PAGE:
In 1861, a few months after the start of the American Civil War, Lilly enlisted in the Union Army. He joined the 21st Indiana Infantry Regiment and mustered into service on July 24. Lilly was commissioned as a second lieutenant on July 29, 1861. On August 3, the 21st Indiana reached Baltimore, Maryland, where it remained for several months. Lilly resigned his commission in December 1861 and returned to Indiana to form an artillery unit.
In early 1862 Lilly actively recruited volunteers for his unit among his classmates, friends, local merchants and farmers. He had recruitment posters created and posted them around Indianapolis, promising to form the "crack battery of Indiana". His unit, the 18th Battery, Indiana Light Artillery, was known as the Lilly Battery and consisted of six, three-inch ordinance rifles and 150 men. Lilly was commissioned as a captain in the unit. The 18th Indiana mustered into service at Camp Morton in Indianapolis on August 6, 1862, and spent a brief time drilling before it was sent into battle under Major General William Rosecrans in Kentucky and Tennessee. Lilly's artillery unit was transferred to the Lightning Brigade, a mounted infantry under the command of Colonel, later General, John T. Wilder on December 16, 1862.
Lilly was elected to serve as the commanding officer of his battery from August 1862 until the winter of 1863, when his three-year enlistment expired. His only prior military experience had been in a Lafayette, Indiana, militia unit. Several of his artillerymen considered him too young and intemperate to command; however, despite his initial inexperience, Lilly became a competent artillery officer. His battery was instrumental in several important battles, including the Battle of Hoover's Gap in June 1863 and in the Second Battle of Chattanooga and the Battle of Chickamauga in September 1863.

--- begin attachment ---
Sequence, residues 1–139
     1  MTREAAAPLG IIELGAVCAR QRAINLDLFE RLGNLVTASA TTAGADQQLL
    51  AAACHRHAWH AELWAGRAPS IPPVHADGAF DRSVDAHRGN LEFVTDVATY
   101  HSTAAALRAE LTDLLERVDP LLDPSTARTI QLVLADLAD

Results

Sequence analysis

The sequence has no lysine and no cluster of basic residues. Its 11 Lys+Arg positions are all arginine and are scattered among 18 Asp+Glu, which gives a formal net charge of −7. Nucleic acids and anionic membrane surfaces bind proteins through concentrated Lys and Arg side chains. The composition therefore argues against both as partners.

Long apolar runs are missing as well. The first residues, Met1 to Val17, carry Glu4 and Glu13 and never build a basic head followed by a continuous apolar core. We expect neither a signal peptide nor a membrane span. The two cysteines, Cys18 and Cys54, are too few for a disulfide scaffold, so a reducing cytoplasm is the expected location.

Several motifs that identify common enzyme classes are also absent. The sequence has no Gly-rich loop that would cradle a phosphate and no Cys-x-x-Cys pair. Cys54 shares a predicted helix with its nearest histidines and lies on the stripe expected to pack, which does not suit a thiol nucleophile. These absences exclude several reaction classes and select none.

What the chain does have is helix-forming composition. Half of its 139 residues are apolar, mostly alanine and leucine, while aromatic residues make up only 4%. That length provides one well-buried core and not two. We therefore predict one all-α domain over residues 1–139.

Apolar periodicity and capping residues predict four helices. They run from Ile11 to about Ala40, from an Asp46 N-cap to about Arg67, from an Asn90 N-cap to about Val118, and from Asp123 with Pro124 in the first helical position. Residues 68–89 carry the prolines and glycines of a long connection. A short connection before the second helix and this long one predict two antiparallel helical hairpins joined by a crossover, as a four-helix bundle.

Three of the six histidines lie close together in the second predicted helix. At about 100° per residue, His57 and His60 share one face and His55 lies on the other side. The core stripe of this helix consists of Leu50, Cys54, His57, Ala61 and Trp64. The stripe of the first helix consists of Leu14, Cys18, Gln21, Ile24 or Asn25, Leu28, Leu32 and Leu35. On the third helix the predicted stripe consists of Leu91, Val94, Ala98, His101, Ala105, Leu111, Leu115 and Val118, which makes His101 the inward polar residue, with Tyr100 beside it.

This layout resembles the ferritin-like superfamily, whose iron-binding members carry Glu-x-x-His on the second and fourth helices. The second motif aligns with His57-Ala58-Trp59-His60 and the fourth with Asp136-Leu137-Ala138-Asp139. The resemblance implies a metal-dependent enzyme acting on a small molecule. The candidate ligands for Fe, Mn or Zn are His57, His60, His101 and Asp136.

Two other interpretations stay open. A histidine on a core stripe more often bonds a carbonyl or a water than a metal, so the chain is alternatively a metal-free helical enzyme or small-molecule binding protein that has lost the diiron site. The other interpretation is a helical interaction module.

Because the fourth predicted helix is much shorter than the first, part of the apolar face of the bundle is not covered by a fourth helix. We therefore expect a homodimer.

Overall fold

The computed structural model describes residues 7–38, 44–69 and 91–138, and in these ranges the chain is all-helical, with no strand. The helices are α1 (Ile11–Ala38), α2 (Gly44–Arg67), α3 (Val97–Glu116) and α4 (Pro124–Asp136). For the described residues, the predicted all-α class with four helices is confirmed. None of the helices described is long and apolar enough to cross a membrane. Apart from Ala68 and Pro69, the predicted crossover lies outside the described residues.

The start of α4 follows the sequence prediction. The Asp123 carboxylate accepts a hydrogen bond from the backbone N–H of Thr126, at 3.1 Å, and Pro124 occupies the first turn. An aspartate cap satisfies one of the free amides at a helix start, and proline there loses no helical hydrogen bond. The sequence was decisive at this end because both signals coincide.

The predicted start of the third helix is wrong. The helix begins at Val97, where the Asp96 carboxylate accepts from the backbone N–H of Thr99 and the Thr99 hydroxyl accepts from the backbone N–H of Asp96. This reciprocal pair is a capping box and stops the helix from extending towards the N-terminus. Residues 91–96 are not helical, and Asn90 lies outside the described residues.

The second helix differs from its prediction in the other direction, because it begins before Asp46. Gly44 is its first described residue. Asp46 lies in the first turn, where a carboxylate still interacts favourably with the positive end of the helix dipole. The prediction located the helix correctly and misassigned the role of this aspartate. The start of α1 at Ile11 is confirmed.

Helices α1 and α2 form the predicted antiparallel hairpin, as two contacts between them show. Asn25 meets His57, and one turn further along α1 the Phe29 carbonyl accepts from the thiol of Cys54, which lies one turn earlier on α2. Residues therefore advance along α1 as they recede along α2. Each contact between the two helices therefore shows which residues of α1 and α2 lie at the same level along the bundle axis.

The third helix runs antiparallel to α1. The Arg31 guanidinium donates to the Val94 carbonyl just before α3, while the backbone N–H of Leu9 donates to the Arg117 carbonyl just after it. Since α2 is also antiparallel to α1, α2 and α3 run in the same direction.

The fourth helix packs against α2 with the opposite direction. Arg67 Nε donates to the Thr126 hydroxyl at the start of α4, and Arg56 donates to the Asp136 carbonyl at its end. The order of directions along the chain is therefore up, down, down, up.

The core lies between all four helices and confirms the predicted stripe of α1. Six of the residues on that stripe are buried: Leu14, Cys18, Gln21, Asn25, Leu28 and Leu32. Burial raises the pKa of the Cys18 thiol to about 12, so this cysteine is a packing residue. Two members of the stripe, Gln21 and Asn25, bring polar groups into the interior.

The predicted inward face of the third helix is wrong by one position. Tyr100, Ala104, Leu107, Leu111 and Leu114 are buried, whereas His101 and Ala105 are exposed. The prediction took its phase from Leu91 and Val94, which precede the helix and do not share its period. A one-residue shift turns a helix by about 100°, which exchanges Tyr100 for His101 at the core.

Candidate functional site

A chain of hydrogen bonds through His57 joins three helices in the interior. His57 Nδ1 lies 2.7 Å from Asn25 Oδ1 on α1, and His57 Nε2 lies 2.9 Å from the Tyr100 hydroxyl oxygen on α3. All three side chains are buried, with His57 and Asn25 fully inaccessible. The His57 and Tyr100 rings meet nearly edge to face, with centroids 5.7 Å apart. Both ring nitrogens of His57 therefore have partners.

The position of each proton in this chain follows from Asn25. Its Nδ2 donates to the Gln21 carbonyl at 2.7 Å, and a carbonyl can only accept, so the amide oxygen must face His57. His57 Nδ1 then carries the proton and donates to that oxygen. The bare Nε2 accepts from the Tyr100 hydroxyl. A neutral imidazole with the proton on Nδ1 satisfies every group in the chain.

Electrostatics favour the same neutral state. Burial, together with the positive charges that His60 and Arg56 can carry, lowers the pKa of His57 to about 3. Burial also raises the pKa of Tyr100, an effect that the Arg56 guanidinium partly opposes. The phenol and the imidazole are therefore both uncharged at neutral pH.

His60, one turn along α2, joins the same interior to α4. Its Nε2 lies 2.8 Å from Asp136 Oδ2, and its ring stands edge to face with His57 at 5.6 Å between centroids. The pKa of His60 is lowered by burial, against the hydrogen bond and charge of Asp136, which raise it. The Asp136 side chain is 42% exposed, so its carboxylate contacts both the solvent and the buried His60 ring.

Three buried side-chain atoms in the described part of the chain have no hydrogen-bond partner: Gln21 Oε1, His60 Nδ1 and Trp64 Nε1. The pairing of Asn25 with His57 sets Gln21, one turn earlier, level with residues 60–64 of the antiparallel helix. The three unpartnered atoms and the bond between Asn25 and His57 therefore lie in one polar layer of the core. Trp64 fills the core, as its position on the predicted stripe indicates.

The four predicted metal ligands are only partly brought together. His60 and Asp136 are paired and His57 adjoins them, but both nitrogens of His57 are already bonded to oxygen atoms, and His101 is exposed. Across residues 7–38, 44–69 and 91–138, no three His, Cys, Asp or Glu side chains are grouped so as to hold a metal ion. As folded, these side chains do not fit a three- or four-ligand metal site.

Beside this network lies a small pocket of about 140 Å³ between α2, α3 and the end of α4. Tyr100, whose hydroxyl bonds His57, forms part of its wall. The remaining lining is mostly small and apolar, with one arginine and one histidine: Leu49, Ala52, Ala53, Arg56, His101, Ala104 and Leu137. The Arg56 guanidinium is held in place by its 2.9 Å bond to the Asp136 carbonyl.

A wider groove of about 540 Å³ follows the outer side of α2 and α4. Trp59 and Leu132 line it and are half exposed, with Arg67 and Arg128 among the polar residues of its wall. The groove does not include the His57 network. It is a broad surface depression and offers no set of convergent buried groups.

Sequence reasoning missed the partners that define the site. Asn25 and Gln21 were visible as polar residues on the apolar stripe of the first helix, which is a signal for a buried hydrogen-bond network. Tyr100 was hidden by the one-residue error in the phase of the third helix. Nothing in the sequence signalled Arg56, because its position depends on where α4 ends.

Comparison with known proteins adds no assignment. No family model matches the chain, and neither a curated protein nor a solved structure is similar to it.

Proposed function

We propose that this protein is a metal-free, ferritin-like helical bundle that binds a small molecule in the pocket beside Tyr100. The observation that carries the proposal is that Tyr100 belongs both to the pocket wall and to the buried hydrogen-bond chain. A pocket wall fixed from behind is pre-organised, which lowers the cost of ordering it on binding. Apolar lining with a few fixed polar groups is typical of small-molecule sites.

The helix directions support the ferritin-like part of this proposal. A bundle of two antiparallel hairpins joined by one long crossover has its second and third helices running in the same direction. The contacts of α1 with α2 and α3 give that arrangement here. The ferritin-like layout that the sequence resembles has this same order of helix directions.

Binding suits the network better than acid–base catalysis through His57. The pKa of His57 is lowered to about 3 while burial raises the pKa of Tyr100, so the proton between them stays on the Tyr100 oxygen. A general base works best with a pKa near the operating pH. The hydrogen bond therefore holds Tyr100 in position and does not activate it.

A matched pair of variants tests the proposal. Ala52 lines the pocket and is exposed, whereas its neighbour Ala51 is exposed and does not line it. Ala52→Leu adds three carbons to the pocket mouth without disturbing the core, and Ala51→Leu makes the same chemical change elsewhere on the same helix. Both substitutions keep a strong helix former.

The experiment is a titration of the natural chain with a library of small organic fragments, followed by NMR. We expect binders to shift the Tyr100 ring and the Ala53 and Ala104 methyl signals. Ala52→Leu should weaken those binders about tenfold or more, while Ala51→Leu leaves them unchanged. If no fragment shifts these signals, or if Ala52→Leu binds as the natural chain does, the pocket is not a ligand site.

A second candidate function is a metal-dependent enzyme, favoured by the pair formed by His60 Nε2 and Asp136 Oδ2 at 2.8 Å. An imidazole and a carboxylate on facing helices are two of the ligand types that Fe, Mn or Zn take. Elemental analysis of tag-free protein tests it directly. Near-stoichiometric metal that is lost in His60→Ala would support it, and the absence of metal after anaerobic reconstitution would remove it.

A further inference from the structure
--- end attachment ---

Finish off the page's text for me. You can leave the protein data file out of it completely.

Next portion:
In 1864, when Lilly's term of enlistment ended, he resigned his commission and left the 18th Indiana. Lilly joined the 9th Indiana Cavalry (121st Regiment Indiana Volunteers) and was promoted to major. At the Battle of Sulphur Creek Trestle in Alabama in September 1864, he was captured by Confederate troops under the command of Major General Nathan B. Forrest and held in a prisoner-of-war camp at Enterprise, Mississippi until his release in a prisoner exchange in January 1865. Lilly was promoted to colonel on June 4, 1865, and was stationed at Vicksburg, Mississippi, in the spring of 1865 when the war ended. In recognition of his service, he was brevetted to the rank of lieutenant colonel and mustered out of service with the 9th Indiana Cavalry on August 25, 1865.